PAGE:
Polly (John Gay), ballad opera (19. Juni 1777 London, Covent Garden Theatre), siehe Samuel Arnold
Musik von John Christopher Pepusch

Ducat
Morano
Vanderbluff
Capstern
Hacker
Culverin
Laguerre
Cutlace
Pohetohee
Cawwawkee
Servants. Indians. Pyrates. Guards, etc.
Polly
Mrs. Ducat
Trapes
Jenny Diver
Flimzy
Damaris
In the West-Indies

Preface

After Mr. Rich and I were agreed upon terms and conditions for bringing this Piece on the stage, and that every thing was ready for a Rehearsal; The Lord Chamberlain sent an order from the country to prohibit Mr. Rich to suffer any Play to be rehears'd upon his stage till it had been first of all supervis'd by his Grace. As soon as Mr. Rich came from his Grace's secretary (who had sent for him to receive the before- mentioned order) he came to my lodgings and acquainted me with the orders he had received.
Upon the Lord Chamberlain's coming to town, I was confined by sickness, but in four or five days I went abroad on purpose to wait upon his Grace with a faithful and genuine copy of this Piece, excepting the erratas of the transcriber.
It was transcribed in great haste by Mr. Stede the Prompter of the Playhouse, that it might be ready against his Grace's return from the country: As my illness at that time would not allow me to read it over, I since find in it many small faults, and here and there a line or two omitted. But lest it should be said I had made any one alteration from the copy I deliver'd to the Lord Chamberlain: I have caused every error in the said copy to be printed (litteral faults excepted) and have taken notice of every omission. I have also pointed out every amendment I have made upon the revisal of my own copy for the Press, that the reader may at one view see what alterations and amendments have been made.
Errors as they stood in the copy delivered to the Lord Chamberlain (occasion'd by the haste of the transcriber) corrected in this edition; by which will appear the most minute difference between that and my own copy.
P for page. l for line. sc. for scene. what was added mark'd thus *. What was left out, thus ?.
The names of all the tunes ?. The scenes not divided and number'd. The marginal directions for the Actors were often omitted.
Act 1. p. 2. l. 16. ever ?. l. 18. after more, too *. p. 4. l. 1. before part not *. 1. 11. take ?. sc. 2. l. 12. to ?. Air. 5. l. 10. thus instead of they. p. 9. l. 20. wherewith for wherewithal. l. 19. my ?. l. 26. will ?. p. 10. l. 1. you for it. p. 11. l. 20. no ?. Air 10. l. 5. with a twinkum twankum ?. p. 14. l. 18. complaisance for compliance. sc. 9. l. 1. part from. p. 18. l. 9. surely for sure. l. 13. And ?. sc. 14. l. 20. insult me thus. p. 24. l. 18. her ?. l. 21. young and handsome. Act 2. Air 25. l. 8. charms for arms. p. 29. the speech between Air 25 and Air 26. ?. Air 27. l. 2. why for who. Air 29. with a mirleton, etc. ?. sc. 7. l. 2. a bawdyhouse bully, p. 42. l. 26 is ?. Air 42. l. 6. is for are. p. 44. l. 7. none for no more. Act 3. p. 52. l. 18. are all at stake. p. 53. l. 9. ever ?. p. 54. l. 9. found ?. Air 51. Thus to battle we will go ?. Air 52. with a fa, la, la, ?. sc. 8. l. 4. prey for pay. p. 63 l. 26. no notions. p. 65. l. 28. or redress 'em ?. Air 71. the repetition of the Chorus ?.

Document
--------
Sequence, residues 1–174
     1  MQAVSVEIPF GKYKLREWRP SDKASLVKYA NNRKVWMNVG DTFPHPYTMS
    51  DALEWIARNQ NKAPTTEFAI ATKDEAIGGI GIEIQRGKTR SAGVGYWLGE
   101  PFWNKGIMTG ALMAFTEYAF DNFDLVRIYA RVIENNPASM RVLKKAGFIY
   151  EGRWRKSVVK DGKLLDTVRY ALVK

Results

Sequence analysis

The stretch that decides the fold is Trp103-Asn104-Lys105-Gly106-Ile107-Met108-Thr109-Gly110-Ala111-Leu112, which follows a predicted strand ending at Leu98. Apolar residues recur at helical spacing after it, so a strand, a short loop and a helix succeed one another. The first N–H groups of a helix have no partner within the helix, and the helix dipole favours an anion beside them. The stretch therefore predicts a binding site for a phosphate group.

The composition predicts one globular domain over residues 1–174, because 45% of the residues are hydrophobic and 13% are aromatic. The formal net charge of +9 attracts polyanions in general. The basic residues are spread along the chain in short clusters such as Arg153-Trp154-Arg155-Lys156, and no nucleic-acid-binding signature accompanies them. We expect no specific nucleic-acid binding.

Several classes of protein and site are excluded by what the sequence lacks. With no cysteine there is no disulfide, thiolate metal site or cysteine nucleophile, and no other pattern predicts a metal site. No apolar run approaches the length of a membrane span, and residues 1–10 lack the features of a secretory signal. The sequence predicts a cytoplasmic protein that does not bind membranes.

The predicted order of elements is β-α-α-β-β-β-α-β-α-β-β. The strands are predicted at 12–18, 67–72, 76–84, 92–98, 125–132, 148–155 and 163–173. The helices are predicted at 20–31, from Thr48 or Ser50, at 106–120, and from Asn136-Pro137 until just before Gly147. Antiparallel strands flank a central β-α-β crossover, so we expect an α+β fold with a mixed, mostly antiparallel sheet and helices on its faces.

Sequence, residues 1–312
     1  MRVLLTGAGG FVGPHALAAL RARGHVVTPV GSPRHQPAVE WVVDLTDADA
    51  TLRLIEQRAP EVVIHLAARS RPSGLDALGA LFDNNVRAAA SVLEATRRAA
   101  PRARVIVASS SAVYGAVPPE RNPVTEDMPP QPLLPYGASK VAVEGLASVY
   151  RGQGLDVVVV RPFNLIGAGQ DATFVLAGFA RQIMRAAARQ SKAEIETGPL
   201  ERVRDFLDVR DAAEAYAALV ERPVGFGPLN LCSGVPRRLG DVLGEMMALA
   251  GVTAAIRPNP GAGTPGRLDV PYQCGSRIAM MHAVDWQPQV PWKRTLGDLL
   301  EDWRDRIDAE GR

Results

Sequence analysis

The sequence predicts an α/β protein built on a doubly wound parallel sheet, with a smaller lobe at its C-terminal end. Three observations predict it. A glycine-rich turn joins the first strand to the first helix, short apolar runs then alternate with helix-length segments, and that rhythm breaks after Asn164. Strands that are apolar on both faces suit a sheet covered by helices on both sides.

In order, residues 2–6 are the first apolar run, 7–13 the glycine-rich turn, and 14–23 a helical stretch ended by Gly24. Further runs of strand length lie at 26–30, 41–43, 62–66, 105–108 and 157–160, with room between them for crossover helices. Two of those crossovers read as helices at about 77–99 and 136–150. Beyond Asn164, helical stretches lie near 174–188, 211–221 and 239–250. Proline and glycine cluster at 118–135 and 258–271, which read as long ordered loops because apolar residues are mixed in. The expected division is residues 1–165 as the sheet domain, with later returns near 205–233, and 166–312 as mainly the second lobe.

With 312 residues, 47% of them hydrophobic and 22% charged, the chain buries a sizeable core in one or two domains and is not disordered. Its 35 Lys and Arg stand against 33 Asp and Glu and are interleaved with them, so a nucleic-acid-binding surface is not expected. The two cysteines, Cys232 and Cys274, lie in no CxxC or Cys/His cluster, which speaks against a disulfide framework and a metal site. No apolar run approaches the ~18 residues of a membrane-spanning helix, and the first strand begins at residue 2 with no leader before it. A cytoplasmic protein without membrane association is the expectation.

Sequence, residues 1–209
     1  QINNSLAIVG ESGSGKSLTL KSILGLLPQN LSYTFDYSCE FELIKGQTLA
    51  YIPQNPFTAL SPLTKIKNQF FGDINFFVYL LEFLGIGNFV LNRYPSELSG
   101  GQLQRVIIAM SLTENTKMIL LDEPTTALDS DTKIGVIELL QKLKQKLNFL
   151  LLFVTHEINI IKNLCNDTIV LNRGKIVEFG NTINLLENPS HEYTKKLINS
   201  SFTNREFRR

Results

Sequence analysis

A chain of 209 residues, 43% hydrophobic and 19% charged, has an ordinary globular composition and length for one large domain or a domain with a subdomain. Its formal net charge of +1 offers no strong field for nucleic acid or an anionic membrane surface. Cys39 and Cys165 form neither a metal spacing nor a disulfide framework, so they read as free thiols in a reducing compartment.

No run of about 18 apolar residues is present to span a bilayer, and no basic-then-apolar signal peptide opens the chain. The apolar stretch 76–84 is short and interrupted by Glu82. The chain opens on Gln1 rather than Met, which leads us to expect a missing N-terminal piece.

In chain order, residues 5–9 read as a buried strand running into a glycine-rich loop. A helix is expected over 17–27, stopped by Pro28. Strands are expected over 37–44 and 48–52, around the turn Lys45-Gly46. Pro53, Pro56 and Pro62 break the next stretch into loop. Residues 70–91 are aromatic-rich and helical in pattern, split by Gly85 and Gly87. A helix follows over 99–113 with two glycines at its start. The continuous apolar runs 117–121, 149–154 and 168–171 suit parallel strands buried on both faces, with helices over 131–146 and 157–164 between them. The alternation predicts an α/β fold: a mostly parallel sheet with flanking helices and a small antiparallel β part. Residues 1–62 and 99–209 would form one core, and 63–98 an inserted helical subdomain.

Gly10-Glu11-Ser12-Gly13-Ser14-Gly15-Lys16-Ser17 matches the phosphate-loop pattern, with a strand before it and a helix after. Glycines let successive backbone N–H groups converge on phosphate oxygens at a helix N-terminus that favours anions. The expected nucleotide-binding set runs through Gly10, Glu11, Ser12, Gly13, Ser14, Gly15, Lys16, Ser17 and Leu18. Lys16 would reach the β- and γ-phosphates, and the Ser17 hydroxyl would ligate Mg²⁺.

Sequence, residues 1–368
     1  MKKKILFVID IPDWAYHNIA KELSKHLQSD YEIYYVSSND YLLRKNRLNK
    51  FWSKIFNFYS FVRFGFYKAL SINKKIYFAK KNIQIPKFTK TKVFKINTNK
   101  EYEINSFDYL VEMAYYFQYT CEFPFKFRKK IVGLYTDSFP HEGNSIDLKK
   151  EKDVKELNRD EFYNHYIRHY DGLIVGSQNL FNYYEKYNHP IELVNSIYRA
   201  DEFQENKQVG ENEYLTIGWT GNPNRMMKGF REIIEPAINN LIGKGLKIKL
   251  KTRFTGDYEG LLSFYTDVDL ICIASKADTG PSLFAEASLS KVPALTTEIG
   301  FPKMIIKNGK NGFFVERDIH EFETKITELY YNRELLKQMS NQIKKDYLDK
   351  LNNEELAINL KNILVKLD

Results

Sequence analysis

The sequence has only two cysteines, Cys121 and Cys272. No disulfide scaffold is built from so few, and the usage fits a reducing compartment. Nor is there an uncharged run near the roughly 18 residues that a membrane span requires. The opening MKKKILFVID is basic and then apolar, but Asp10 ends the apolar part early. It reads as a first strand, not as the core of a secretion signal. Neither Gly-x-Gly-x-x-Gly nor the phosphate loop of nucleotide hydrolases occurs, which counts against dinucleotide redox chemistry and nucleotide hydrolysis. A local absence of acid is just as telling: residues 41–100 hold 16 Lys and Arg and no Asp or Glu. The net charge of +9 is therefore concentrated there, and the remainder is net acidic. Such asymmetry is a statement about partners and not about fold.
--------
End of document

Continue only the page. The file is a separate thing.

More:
Emendations of my own copy on revising it for the Press.
* Is the mark for any thing added.
? The mark for what is left out.
? The mark of what stood in the original Copy.
Act 1. p. 2. l. 36. pictures *. sc. 4. l. 2. thousand * p. 18. l. 28. But unhappy love, the more virtuous that is ?. Air 21. l. 13. my steps direct, my truth protect a faithful, etc. ?. Act 2. Air 23. l. 3. sick imagination ?. l. 4. then alone I forget to weep ?. l. 7. for whole years ?. l. 11. 'Tis a dream ?. l. 12. 'Tis our utmost ?. Air 27. l. 9. you ne'er were drawn to cringe and fawn among the spawn who etc. ?. Air 28. l. 2. for *. l. 4. alike for both. p. 40. l. 12. all women expect ?. Air 39. l. 3. thus colts let loose, by want of use grow ?. Air 40. unextinguish'd ray ?. Recitative. Away for Hence. ?. p. 46. l. 1. pardons for persons ?. Air 45. l. 1. when as ambition's ?. l. 2. mighty *. l. 4. fraud and *. Air. 48. l. 2. Thus *. l. 3. what expence and what care ?. l. 7. sage politicians ?. Act. 3. sc. 1, 2, 3, 4, 5, 6. are transpos'd with no alteration of the words, but instead of On then; hope and conquer, is put p. 55. l. 2. let us then to our posts. p. 57. l. 12. after enterprize, let us now to cur posts ?. Air 58. l. 4. cheers my breast. ?. Air 62. l. 7. by turns we take ?. Air 63. l. 7. Tis jealous rage ?. Air 64. l. 3. is of the noxious ?. folded arms hide its charms, all the night free from blight, etc. ?. Polly's speech before Air 64 was plac'd after it, but without any alteration ?. Air 69. l. 7. sure to virtue ?.